When Do Babies Switch To One Nap On Average?

Ah, naps. As an adult, you may be jealous with how much your toddler is napping. They nap multiple times a day and then sleep at night. With time, your baby will need less sleep, and therefore nap less. 

Eventually, it’s time to transition your baby to one nap instead of two. For most parents, the baby naps in the morning, the afternoon, and then falls asleep at night. 

You may wonder when a baby will transition from one to two naps. We will explain why. 

Source: needpix.com

Napping Is Important! 

During the baby and toddler stage, babies need lots of sleep. This is because they are quickly developing, and all that growing needs energy. A baby usually gets this rest by napping a few times a day and sleeping at night. However, as a baby grows, they need less sleep. They’ll stop napping, then drop naps altogether. This is a natural part of childhood development. If your baby sleeps a lot, it’s perfectly normal and you should let them rest!

When Do Babies Transition?

When it comes to baby goals, it all depends on the child. Some babies will transition early, others a bit later. Usually, around the 12-18 month range is usually when babies are ready. On average, it’s 15 months. Some babies do transition early, while others are a bit later. There is nothing wrong if your baby wants to nap a little bit more. Eventually, they will grow out of it, so let them have some sleep.

Source: pixabay.com

Don’t Force it 

If your baby is in the age range to transition from two naps to one, you shouldn’t force it. Forcing your baby to make the change when they’re not ready will lead to a fussy baby and an angrier parent. It’s just not the ideal thing to do. The same applies to any other transition. Forcing your baby to walk, potty, and do anything else can make the problem a lot worse.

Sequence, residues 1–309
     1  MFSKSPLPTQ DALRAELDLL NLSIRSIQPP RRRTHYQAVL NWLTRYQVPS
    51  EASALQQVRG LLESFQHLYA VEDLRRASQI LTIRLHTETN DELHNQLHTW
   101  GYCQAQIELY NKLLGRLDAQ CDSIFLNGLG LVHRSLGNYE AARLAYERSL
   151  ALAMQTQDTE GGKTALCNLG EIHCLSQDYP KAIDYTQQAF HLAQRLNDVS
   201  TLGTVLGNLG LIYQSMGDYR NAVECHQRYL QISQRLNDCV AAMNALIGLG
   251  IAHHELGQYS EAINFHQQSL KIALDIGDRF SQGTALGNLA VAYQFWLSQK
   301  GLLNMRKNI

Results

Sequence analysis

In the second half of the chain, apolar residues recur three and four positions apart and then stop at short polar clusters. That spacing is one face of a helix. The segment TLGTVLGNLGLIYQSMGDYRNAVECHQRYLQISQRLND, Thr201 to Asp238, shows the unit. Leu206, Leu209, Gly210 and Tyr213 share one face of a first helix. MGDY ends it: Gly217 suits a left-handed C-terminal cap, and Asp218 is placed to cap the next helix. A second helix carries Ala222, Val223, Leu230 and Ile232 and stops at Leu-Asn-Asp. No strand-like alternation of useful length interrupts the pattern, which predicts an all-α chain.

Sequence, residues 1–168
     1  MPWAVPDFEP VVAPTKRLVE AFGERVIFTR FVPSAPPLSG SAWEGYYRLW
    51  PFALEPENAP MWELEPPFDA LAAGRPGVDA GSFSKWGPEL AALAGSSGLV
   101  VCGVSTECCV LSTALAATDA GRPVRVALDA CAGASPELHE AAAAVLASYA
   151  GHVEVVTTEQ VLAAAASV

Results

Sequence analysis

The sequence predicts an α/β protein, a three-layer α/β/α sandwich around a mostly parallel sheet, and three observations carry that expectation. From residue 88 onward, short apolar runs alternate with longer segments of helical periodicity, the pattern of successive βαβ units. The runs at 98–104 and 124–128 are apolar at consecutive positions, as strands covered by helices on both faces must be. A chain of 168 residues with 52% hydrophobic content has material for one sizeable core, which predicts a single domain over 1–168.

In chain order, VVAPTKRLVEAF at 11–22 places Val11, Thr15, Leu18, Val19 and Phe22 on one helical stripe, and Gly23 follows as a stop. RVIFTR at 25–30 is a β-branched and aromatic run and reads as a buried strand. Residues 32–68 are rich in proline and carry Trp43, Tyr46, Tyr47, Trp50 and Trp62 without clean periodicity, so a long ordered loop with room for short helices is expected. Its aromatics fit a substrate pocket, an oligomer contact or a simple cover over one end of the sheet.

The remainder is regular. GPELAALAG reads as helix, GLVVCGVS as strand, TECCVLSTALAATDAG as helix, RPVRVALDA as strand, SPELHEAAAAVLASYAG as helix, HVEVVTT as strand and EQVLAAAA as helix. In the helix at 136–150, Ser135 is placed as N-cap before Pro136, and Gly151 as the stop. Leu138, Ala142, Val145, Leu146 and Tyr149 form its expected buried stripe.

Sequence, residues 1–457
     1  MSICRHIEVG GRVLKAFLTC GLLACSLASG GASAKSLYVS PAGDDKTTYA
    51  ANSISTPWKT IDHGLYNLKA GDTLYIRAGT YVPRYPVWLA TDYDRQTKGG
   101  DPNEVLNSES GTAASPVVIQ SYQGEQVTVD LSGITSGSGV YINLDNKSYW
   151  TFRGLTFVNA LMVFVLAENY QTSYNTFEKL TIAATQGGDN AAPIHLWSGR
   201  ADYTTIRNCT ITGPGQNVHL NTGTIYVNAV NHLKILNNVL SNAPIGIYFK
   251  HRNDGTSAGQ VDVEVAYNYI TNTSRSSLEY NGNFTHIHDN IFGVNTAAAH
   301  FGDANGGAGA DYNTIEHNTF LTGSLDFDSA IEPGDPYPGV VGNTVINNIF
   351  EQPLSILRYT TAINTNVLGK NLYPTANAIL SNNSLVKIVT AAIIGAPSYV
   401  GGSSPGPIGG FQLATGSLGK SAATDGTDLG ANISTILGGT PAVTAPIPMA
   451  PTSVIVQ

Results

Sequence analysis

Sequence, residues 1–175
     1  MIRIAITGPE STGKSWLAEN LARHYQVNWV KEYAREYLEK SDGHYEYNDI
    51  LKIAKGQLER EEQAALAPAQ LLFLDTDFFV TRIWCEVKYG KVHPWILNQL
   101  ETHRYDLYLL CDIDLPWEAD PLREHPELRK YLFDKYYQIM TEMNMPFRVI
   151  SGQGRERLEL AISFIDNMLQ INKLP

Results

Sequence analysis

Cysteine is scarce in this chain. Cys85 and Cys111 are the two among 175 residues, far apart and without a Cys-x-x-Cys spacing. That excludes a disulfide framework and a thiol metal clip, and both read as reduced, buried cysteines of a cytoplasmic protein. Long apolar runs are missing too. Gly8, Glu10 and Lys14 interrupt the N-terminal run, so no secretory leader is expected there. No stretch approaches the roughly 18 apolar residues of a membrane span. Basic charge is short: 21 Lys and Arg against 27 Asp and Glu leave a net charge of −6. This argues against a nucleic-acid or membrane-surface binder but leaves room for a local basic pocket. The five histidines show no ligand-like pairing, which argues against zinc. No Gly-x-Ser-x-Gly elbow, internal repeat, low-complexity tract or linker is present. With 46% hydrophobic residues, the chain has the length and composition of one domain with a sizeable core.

Instead, look for the signs. When babies are ready to transition, they will often show signs. Let’s look at the signs. 

Your Baby Refuses One Of The Naps 

Have you tried to let your baby nap and they refuse? They may have a hard time falling asleep, say no, or continue playing. It may be because your baby no longer needs a nap. 

Now, if they do this once, they may just have a little extra energy that day or a bit of insomnia. Make sure your baby is consistently refusing their nap for two weeks before you make the transition. Otherwise, you may end up having a false positive and making the problem a lot worse.

The First Or Second Nap Is Shorter

Babies who refuse the nap may not skip it altogether. Instead, they may make it shorter and it seems like there is no point in doing it at all. This may mean that your child is ready to transition into one nap. If the nap times start to vary, this may be a sign that it’s time to give your baby a new sleep schedule.  

Your Baby Is All Right Despite Missing A Nap 

When a baby who is a two-time napper misses a nap, you’ll know. They’ll be fussy, crying, and grumpy. This is because they aren’t getting the amount of sleep they need. But what happens when your baby seems okay with missing a nap or two? This can mean that your baby is ready to transition to one nap, especially if they’ve been okay with missing a nap for two weeks or so.